Opinions on Ministerial Notifications


Ministerial decision not to provide the February 2018 METRONET Taskforce minutes to Parliament


The decision by the Minister for Transport, the Hon Rita Saffioti MLA, not to provide Parliament with minutes of the METRONET Taskforce meeting held on 27 February 2018 was not reasonable and therefore not appropriate as parts of the minutes were not Cabinet-in-confidence and could have been provided.


In Parliament on 22 March 2018, the Hon Peter Collier MLC asked the Leader of the Government in the Legislative Council, representing the Minister for Transport, for the following information in Question without Notice 120:

I refer to the Metronet task force chaired by the Minister for Transport; Planning; Lands and the meeting on 27 February.

(1)     Was the issue of tunnel borer Grace ceasing boring discussed at that meeting?

(2)     Were minutes of the meeting taken?

(3)     If yes to (2), will the minister table those minutes; and, if not, why not?

On 22 March 2018, the Leader of Government in the Legislative Council, on behalf of the Minister, answered part (1) and (2). However, the Minister declined to give the information requested in part (3), replying:

Again, I thank the Leader of the Opposition for some notice of the question.

(1)     No.

(2)     Yes.

(3)     The minutes are Cabinet-in-confidence.

On 12 April 2018, the Auditor General received the Minister’s notification of the decision not to provide the requested information in accordance with section 82 of the FM Act.

Key findings

The decision by the Minister not to provide the requested information was not reasonable and therefore not appropriate.

The Minister properly sought advice from the Department of Transport (Department) before responding to the request. The Department recommended that the Minister decline to provide the information to Parliament because the minutes are Cabinet-in-confidence. The Minister followed the Department’s advice.

In considering the Minister’s decision, we followed the approach laid out in previous Opinions on Ministerial Notifications dealing with Cabinet confidentiality, the core principle of Cabinet confidentiality is to protect information that would reveal deliberations and decisions of Cabinet.[1] We assessed the requested information against the following Cabinet confidentiality considerations:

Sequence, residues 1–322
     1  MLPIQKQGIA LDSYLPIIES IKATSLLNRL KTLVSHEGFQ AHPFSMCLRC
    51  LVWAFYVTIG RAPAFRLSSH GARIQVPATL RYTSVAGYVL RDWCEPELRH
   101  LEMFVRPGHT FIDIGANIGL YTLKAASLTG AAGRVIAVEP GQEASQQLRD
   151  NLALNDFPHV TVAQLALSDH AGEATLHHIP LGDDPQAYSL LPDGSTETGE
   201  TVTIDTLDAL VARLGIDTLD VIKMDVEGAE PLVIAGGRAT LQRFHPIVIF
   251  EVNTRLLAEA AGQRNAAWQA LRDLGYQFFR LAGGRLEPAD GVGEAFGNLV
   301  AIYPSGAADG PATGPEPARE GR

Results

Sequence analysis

Is part or all of the information publicly available?

We found a small amount of the information in the 27 February 2018 minutes in publicly available sources at the time the Minister declined to provide it.

We also found the Department did not treat the minutes as Cabinet-in-confidence in accordance with the ‘need to know’ principle outlined in the Department of the Premier and Cabinet’s Cabinet Handbook.[2] The minutes did not have restricted access controls applied and were easily accessible at the METRONET office. We have reminded the Department that access to Cabinet information should be restricted.

Was the information created for the purpose of informing Cabinet or being discussed in Cabinet? Does it include policy options or recommendations prepared for submission to Cabinet?

The minutes were not created solely for the purpose of informing Cabinet or being discussed in Cabinet. They serve a dual purpose. The first is to capture discussions and outcomes of the February METRONET Taskforce meeting. The second is to inform Cabinet on the planning and delivery of the METRONET program.

The Minister regularly reports to Cabinet about the progress of METRONET. We found only a discrete amount of the information in the minutes is likely to be used to support policy options and recommendations to Cabinet.

Does the information contain material that would reveal the deliberations and decisions of Cabinet?

We reviewed the minutes and found only a discrete amount of the information contained in them would likely reveal the deliberations and decisions of Cabinet.

Did the Minister consider providing any sections of the information that would not reveal deliberations and decisions of Cabinet?

The Minister did not consider providing Parliament with those parts of the minutes that were already publicly available or would not reveal deliberations or decisions of Cabinet. Determining whether information is Cabinet-in-confidence is not straight forward. It is good practice for Ministers, their offices and agencies to document an assessment of the component parts of a requested document prior to Ministers declining to provide information to Parliament.

In our view, the minutes could have been provided to Parliament with the discrete amount of Cabinet-in-confidence information redacted.

During the inquiry, the Minister advised us that in her view we did not need to canvass broader issues of Cabinet confidentiality as:

  • the narrow purpose of the particular request for the METRONET minutes was to confirm that they did not contain any material relevant to the use of a boring machine
  • the requested minutes did not contain such information
  • she had accurately informed Parliament that they did not.

We disagree as a discrete part of the question specifically requested the minutes. This was the basis of the section 82 notice tabled by the Minister in Parliament and our assessment.

[1] Office of the Auditor General. 2016 Report 18: Opinions on Ministerial Notifications, p.19

[2] Department of Premier and Cabinet. 2017. Cabinet Handbook, p.11


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